Implants sounding better
May 2, 2000
By Anita Manning, USA TODAY
A generation ago, restoring hearing in people who were profoundly deaf seemed
unrealistic, if not impossible . Today, a growing fraction of the half-million Americans
who suffer severe hearing loss are using cochlear implants, a sophisticated and
controversial technology that many think is nothing short of a miracle.
A cochlear implant is more than a fancy hearing aid.
It is "one of the 20th century's most consequential developments in
communication," John Niparko, director of otology-neurotology at Johns Hopkins
Hospital in Baltimore, writes in the book Cochlear Implants: Principles &
Cochlear implants pick up sound through a tiny microphone attached near the ear. The
implants send the sounds through a processor and back to a transmitter that delivers the
sounds through electrodes, which stimulate the auditory nerve.
Scientists are working on producing smaller units that process signals faster, enhanced
processing to improve the perception of speech and music, and fully implantable devices,
which are expected in three to five years. First marketed in 1972, the implants are used
by about 32,000 people worldwide, and the demand for them is growing by 25% per year,
The most common hearing loss (85%) is caused by damage to tiny cochlear hair cells in the
inner ear, called sensorineural hearing loss or "nerve deafness." The damage can
be genetic or caused by a disease (such as meningitis or measles), injury, aging or a
reaction to drugs, including some antibiotics and anti-cancer medications.
The devices cost $30,000 to $50,000 and are prescribed only to people whose hearing loss
is severe and who do not benefit from hearing aids. Unlike hearing aids, implants are
covered, at least in part, by most insurance companies.
Their use in children has been controversial, and their success somewhat spotty.
Generally, Niparko says, the younger the child is when implanted, the easier it is for him
or her to learn to understand sounds and to speak.
Research shows that exposure to speech early in life is crucial to language development.
If the brain has no knowledge of sound, it can't immediately interpret sound information
"We have to work with Mother Nature in providing this at the optimal time,"
Niparko says. "Three (years of age) is not too old, but 5 may be. Three may not be as
good as 18 months, and 18 months may not be as good as 12 months."
That doesn't mean children who are older are never successful with implants. "We do
tell parents an implant experience can be wonderful, but it is a hell of a lot of
work," he says. "Getting a child of 3, 4, 5 on schedule with language
development is difficult."
But for babies 18 months old and younger, Niparko says, an implant is "a simple
developmental experience." When a child is born deaf and doesn't get an implant for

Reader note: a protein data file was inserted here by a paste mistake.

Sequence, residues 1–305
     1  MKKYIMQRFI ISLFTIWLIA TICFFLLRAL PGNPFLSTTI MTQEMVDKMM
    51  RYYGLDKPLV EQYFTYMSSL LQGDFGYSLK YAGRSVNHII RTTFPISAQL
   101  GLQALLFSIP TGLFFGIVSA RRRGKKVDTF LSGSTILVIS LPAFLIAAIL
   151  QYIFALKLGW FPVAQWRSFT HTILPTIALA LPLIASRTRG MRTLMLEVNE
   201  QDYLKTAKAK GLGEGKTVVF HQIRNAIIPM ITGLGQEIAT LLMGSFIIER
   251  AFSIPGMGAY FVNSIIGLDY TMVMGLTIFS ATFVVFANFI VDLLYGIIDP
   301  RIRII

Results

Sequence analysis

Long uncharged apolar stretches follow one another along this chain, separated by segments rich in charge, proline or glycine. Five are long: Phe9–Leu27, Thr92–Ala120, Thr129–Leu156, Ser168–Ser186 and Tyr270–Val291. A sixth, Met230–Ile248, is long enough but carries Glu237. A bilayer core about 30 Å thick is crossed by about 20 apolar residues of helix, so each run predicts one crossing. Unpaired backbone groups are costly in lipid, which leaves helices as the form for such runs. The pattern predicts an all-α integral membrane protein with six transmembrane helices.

years, there is a language gap, he says. "It's easier to backfill that gap if a child
For adults who lose their hearing, implants can be what David Rutledge, 53, of Lincoln,
Neb., calls "truly a miracle of modern science."
Rutledge, an elementary school principal, lost the hearing in one ear 10 years ago as a
result of a never-identified flulike illness. His other ear was affected, but he got by.
Then, in October, after another bout of flu, he lost all ability to hear.
In February, he got a cochlear implant, but he had to wait until he had completely healed
from the surgery before his doctor turned it on.
In the interim, "I was totally and completely deaf," he says. "It was like
living in a silent cave." He took a leave of absence from work. Unable to read lips
and not knowing sign language, he and his family were reduced to passing written notes.
When the implant was turned on, what he first heard "was a pinball game of
sound," he says, speaking by phone two weeks after the big event. "Imagine
standing in a casino where everybody is winning. That's what it sounded like for the first
10 seconds. I could see my doctor's lips moving, but there was no relation between that
and the pinball sound.
"But in 10 seconds my brain was able to take those sounds and make them into sound I
could understand. It still had that pinball quality around the edges of the words, but
within two minutes I could converse with everyone in the room and banter with them. Now,
it's still not perfect, but it's becoming increasingly perfect."
Hearing trouble to hit 40 million people by 2020
|Some statistics you should see:
Of the 3,500 people who received cochlear implants in the USA in 1999, 1,800 were under
More than 28 million Americans are deaf or hard of hearing. Population projections predict
the number will reach 40 million by 2020.
Two companies are licensed to sell cochlear implants in this nation - Advanced Bionics
Corp. of Sylmar, Calif., with the Clarion device (www.cochlearimplant.com),
and Cochlear Ltd. of Englewood, Colo., with the Nucleus (www.cochlear.com).
Severe-to-profound hearing loss occurs in five to 30 babies per 10,000 born.
More than a third of people 65 and older report a hearing loss.